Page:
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| Shifting Public and Private Roles in Maintenance Service Provision
| California's Central Valley
| Huppert, W., Svendsen, M., Cone, D.
Editor or Organisation
| sector reform, institutional framework, service provision, operation and maintenance
| good practice
Table of Contents
| 1. Introduction
3. Overview of California irrigation
4. Principal Actors
6. Changing Service Relationships
| This paper has three main purposes – first to illustrate a methodology for systematically describing and analyzing an institutional framework for irrigation service provision, second to document and illuminate the dramatic on-going evolution of water management institutions in California’s Central Valley, and third to raise awareness of the importance of regulation in irrigation management. The paper does so by looking at irrigation as a set of services exchanged among various actors and regards regulation as one of several mechanisms that govern the interaction between these actors. In spite of this obvious and growing need, is comes as a surprise that the topic of regulation and its consequences for irrigation have hardly been touched upon in the literature on irrigation management. In other fields in which private utilities provide a monopoly service, regulation is a central feature of the governance environment, as with private electricity suppliers. However, regulation has not become a central topic in the irrigation debate, particularly with regard to developing country irrigation. The case demonstrates the complexity of modern governance mechanisms in a mature water economy. The number of involved actors and stakeholders is large and growing, and the task of managing a natural resource-based economic activity is extremely complex. The study shows the dynamic and evolutionary nature of governance in the considered part of the California Central Valley Project.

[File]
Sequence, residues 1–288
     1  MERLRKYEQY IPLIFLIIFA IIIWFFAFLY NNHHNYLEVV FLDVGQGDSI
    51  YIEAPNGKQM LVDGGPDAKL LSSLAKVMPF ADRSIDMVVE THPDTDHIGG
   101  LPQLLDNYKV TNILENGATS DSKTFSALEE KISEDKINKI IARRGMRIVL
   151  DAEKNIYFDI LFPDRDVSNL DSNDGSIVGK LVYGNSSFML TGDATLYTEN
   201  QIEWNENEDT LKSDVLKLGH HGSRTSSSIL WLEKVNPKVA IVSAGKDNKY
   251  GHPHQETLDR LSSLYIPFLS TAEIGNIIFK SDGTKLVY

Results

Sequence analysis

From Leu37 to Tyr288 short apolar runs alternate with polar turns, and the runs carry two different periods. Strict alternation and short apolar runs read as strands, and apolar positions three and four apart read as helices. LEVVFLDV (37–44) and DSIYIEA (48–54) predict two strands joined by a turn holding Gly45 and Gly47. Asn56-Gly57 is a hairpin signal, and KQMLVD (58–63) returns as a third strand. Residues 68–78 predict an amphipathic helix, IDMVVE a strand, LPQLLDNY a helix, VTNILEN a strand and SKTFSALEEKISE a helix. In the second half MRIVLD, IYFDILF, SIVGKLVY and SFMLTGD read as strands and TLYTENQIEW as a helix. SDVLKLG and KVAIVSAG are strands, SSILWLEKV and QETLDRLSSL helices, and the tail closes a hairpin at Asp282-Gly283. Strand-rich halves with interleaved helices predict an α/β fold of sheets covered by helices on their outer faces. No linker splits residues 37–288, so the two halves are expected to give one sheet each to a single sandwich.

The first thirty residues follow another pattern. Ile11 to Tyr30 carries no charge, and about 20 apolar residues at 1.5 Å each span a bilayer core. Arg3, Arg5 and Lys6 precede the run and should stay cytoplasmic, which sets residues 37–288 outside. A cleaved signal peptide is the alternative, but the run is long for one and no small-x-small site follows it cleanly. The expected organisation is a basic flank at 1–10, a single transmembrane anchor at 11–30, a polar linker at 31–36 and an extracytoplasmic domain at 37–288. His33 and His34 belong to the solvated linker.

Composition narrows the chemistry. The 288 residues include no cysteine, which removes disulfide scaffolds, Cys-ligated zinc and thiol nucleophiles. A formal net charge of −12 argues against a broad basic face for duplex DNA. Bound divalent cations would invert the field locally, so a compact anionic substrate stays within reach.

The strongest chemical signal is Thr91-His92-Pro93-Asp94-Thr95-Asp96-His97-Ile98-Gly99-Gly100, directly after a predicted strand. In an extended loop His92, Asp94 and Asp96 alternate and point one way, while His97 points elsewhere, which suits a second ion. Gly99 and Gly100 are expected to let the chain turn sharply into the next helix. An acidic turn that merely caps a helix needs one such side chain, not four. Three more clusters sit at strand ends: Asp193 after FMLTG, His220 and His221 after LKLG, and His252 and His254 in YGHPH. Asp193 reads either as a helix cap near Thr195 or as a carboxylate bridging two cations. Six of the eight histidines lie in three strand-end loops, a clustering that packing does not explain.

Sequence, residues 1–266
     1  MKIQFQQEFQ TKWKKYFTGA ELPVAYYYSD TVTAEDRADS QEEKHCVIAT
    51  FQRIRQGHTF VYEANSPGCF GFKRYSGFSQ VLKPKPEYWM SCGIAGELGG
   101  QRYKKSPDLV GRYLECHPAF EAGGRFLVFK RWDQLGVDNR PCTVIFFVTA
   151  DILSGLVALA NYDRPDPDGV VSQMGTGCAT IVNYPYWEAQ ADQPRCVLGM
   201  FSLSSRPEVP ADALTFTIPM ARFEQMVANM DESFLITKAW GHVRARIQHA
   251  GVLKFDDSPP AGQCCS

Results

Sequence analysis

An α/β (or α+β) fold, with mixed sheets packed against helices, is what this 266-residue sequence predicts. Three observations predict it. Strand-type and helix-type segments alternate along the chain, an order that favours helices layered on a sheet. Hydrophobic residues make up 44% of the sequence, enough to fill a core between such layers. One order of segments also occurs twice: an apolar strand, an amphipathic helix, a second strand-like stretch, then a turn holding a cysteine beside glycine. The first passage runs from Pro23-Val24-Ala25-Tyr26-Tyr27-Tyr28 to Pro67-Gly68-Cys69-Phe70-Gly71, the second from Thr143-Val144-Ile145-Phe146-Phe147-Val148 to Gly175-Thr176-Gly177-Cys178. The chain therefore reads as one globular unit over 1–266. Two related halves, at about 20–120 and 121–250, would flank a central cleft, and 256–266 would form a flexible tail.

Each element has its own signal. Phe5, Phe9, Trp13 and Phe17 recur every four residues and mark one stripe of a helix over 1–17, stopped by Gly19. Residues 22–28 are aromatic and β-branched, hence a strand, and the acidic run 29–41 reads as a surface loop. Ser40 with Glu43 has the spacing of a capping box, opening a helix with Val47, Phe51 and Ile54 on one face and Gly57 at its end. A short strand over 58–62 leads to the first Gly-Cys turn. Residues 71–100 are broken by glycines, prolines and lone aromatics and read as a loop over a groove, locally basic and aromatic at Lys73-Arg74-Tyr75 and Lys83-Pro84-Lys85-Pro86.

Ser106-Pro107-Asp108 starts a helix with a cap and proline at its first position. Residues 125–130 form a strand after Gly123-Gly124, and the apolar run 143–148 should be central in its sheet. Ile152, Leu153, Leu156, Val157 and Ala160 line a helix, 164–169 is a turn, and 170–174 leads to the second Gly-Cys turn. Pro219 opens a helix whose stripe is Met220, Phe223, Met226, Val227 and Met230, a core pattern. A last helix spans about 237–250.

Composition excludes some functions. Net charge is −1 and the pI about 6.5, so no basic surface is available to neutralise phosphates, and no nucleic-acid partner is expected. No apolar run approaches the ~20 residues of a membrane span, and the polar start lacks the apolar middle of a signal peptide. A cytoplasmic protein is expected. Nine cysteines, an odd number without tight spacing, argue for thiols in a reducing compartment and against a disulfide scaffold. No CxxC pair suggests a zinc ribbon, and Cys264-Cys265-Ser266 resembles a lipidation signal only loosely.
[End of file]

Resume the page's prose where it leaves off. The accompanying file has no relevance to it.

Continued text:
| Technologies, Enabling Environment